Nataline Rine, Associate New York Critic
The soft glow of my partner’s smartwatch broke through the pitch darkness. 6:47pm. The sun was setting on July 14, but as we made our way downtown to see the much-anticipated “The Office: A Musical Parody,” lights suddenly snapped to vacancy, the hustle and bustle of Midtown shutting down in an instant as the unexpected power outage struck. As we made our way past hundreds of evacuated theatre-goers outside the countless darkened theaters in the area, I knew this was no joke: we had reached THREAT LEVEL MIDNIGHT.
Alright, that was an “Office” joke. But when I finally did get to the Jerry Orbach Theater rescheduled to a different night, hilarity ensued at “The Office;” the previous darkness of the city transformed effortlessly into dazzling lightheartedness. The hit TV show has captured the hearts (and memes, and merchandise) of a plethora of people of all ages, races, and interests, and the power of this musical parody playing in a small off-Broadway house bringing in as diverse of an audience as television should not be under-estimated in a sector of entertainment often cited for its lack of audience diversity and appeal. Over the course of 100 minutes, almost all nine seasons of the famous TV show are dedicatedly paid homage. Authors Bob and Tobly McSmith walk the tightrope between all the absurdity and lovability of the show plus rollicking new material that will have you cracking up on your way home (back to Netflix where you will inevitably want to continue watching).
The challenge of replicating such well-known and well-quoted characters beloved by a millennial fan culture is no small feat, but the cast assembled here is a team of comedy Avengers. Tom McGovern, playing double duty as Jim and Andy, is a standout with all the loveable quirks and ticks of the originals right down to facial expressions and vocal inflections having you crack up at every turn. As the more subdued receptionist Pam, Taylor Coriell displays a sweet voice and charm; however, as the love interest of Jim, the writing here served to remind me just how little Pam is a free agent or independent of that love plotline, as she doesn’t do much else except pine and serenade for love.
There are many office couples throughout the course of the show (TV and this parody), however, with side-splitting pieces written for Ryan (Katie Johantgen), Kelly, and Karen (both Ani Djirdjirian), that will have Office aficionados gasping for breath between laughs. With many actors playing multiple characters, costume design by Dustin Cross aided a quick turnaround rate for many comedic appearances, including a hilarious “Kimmy Schmidt” reference for Erin (a foil for Taylor Coriell’s Pam, it finally showed off her comedic prowess); countless costume props for Kat Moser’s hysterical Meredith, Phyllis, and Kevin; and a subtle cat collar and not-so-subtle black veil for a mourning (her cat) Angela.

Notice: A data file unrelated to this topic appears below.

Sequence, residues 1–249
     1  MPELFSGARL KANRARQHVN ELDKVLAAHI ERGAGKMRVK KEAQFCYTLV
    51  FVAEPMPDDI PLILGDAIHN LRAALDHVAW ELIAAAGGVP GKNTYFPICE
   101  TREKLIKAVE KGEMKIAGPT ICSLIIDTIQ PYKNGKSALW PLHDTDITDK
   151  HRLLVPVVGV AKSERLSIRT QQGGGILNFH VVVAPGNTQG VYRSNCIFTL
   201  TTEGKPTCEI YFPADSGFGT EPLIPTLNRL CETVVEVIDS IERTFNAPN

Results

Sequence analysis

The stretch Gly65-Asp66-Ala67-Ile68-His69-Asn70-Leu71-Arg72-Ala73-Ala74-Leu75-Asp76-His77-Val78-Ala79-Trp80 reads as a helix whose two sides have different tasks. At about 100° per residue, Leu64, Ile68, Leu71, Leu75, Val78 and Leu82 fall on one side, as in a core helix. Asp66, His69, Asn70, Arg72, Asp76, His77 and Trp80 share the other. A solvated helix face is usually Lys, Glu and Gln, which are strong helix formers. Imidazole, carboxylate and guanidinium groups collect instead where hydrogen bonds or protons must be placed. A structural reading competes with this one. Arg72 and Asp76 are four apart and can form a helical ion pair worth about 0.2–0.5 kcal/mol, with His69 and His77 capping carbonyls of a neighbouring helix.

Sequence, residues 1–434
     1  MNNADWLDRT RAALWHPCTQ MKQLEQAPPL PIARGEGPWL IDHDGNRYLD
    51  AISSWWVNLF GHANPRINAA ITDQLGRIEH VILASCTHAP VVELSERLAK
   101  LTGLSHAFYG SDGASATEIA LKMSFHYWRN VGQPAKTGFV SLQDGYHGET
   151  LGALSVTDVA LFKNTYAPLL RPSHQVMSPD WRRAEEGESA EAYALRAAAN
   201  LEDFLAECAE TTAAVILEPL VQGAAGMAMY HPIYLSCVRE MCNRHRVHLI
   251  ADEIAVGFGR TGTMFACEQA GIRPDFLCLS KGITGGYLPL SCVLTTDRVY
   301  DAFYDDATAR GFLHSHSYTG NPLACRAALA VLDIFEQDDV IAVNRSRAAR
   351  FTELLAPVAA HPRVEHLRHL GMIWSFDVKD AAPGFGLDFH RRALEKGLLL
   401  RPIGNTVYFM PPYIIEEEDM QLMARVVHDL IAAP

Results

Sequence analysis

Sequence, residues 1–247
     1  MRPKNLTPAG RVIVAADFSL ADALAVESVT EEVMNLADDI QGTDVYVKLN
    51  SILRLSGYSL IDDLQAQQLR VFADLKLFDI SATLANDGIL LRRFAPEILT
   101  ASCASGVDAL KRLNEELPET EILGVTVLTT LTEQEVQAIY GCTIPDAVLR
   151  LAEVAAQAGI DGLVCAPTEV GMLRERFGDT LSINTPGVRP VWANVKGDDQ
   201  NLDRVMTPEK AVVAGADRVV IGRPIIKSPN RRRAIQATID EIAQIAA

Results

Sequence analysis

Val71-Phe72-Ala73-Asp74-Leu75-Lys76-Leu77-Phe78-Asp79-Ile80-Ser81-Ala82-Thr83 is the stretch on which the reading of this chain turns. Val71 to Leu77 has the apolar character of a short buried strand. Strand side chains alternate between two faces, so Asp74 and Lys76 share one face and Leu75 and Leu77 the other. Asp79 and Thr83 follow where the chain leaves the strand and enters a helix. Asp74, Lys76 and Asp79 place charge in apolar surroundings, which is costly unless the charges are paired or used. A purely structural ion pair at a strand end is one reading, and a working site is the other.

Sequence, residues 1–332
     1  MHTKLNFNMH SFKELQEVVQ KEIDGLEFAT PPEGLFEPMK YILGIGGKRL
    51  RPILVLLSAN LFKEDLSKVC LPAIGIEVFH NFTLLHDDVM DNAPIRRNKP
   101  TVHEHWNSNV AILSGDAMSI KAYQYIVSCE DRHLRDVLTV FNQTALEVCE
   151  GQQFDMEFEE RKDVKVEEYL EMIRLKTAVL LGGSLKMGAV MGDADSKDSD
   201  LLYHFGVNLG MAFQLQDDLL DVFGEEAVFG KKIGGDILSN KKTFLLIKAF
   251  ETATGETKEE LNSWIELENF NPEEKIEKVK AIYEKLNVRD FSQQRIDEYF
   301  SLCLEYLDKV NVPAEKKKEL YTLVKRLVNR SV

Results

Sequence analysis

Katie Johantgen has in my opinion the hardest track, wavering between the prim Angela and the stern Jan for most of the night, two difficult women when boiled down to two second appearances can seem too similar. Her real comedic shining comes with a character so opposite these strict women it’s hilarious—the easy-going and egregiously good-looking temp Ryan, played with all the cliché swag and carefree attitude one can muster. Dwight, played here with verve by Chase McCall, leaves more to be desired as his song for Dunder Mifflin takeover aspirations falls flat.
There is more able to be explored in one-on-one interactions in the TV show (or camera asides for that matter), than is able to be truly dived into in this incredibly fast-paced romp, but more time for Michael and Dwight’s antics would have elevated the parody beyond sweeping season generalizations. The arguably most famous of the bunch of characters, the affable, well-intentioned boss Michael Scott, is played with all the pzazz and heart akin to Steve Carrell (or Willy Wonka and the Chocolate Factory really) by the star-powered Sarah Mackenzie Brown, delivering energy and comedy through every twitch and blink.
Standout design work should also be applauded for this production, with an impeccably clever panel set by Josh Iacovelli and wickedly smart sound design by Matthew Fischer stealing the show (pre-show and intermission music all using songs from the TV episodes? Genius). Imbued with Broadway references from Hamilton to Dear Evan Hansen, plus other television references like “Kimmy Schmidt” or “Parks and Rec” from the TV stars’ later shows, “The Office! A Musical Parody” connects the heart of the beloved source material to the much-needed laughter of a 2019 audience stuck all too often in an often-times dark world.
THE OFFICE: A MUSICAL PARODY
“The Office! A Musical Parody” by Bob and Tobly McSmith is directed and choreographed by Donald Garverick. “The Office” stars Sarah Mackenzie Baron, Michael Santora, Tom McGovern, Taylor Coriell, Katie Johantgen, Kat Moser, Ani Djirdjirian, Matthew Krob, and Kevin Harris. Designers include Josh Iacovelli (Scenic), Alex Stevens (Lighting), Matthew Fischer (Sound), and Dustin Cross (Costume).
“The Office! A Musical Parody” runs at 1627 Broadway, New York, NY 10019 through Nov 10. Tickets are available on Ticketmaster.com or by calling the box office at 212-921-7862. Rush tickets may be available for $30.50 before each performance at the box office, limited availability. For more information, please visit http://www.theofficemusicalparody.com/.
Running Time: 105min (with intermission)
Picture by RUSS ROWLAND.